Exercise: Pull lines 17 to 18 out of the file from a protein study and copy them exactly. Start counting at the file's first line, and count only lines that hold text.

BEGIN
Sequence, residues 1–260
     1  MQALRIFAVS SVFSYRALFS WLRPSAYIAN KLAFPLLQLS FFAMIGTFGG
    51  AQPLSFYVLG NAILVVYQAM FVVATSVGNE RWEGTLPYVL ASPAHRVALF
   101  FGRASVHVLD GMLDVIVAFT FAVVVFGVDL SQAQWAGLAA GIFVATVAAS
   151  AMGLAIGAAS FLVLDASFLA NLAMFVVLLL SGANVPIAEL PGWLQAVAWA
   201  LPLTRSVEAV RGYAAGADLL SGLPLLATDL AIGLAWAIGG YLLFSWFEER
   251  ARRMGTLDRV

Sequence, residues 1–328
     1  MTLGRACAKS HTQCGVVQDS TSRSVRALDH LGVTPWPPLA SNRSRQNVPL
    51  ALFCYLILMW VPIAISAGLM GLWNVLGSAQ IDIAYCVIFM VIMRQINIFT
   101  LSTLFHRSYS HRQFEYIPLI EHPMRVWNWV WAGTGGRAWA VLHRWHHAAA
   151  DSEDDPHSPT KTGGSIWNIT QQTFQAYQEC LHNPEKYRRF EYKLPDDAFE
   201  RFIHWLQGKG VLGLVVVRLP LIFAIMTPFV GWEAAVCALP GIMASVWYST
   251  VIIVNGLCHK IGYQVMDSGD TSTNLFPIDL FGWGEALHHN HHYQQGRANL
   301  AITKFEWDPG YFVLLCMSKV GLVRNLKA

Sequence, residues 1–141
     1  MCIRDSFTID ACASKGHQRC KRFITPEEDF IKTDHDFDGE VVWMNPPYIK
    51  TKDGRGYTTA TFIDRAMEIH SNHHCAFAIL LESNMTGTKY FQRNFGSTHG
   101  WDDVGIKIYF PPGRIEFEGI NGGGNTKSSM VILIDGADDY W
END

     1  MCIRDSFTID ACASKGHQRC KRFITPEEDF IKTDHDFDGE VVWMNPPYIK
    51  TKDGRGYTTA TFIDRAMEIH SNHHCAFAIL LESNMTGTKY FQRNFGSTHG